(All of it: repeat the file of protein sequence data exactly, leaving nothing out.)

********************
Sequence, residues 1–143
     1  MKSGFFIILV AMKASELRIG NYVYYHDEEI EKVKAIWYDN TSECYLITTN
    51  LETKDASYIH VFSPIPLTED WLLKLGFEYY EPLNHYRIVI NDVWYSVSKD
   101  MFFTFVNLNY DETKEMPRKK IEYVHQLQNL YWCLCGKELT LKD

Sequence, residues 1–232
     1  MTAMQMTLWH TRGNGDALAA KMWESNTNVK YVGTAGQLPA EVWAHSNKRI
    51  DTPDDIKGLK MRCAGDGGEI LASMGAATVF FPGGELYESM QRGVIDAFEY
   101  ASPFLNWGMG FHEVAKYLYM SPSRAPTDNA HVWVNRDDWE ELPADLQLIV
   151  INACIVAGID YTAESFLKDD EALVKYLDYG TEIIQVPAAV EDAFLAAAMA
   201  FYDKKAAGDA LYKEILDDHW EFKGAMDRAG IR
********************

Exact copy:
Sequence, residues 1–143
     1  MKSGFFIILV AMKASELRIG NYVYYHDEEI EKVKAIWYDN TSECYLITTN
    51  LETKDASYIH VFSPIPLTED WLLKLGFEYY EPLNHYRIVI NDVWYSVSKD
   101  MFFTFVNLNY DETKEMPRKK IEYVHQLQNL YWCLCGKELT LKD

Sequence, residues 1–232
     1  MTAMQMTLWH TRGNGDALAA KMWESNTNVK YVGTAGQLPA EVWAHSNKRI
    51  DTPDDIKGLK MRCAGDGGEI LASMGAATVF FPGGELYESM QRGVIDAFEY
   101  ASPFLNWGMG FHEVAKYLYM SPSRAPTDNA HVWVNRDDWE ELPADLQLIV
   151  INACIVAGID YTAESFLKDD EALVKYLDYG TEIIQVPAAV EDAFLAAAMA
   201  FYDKKAAGDA LYKEILDDHW EFKGAMDRAG IR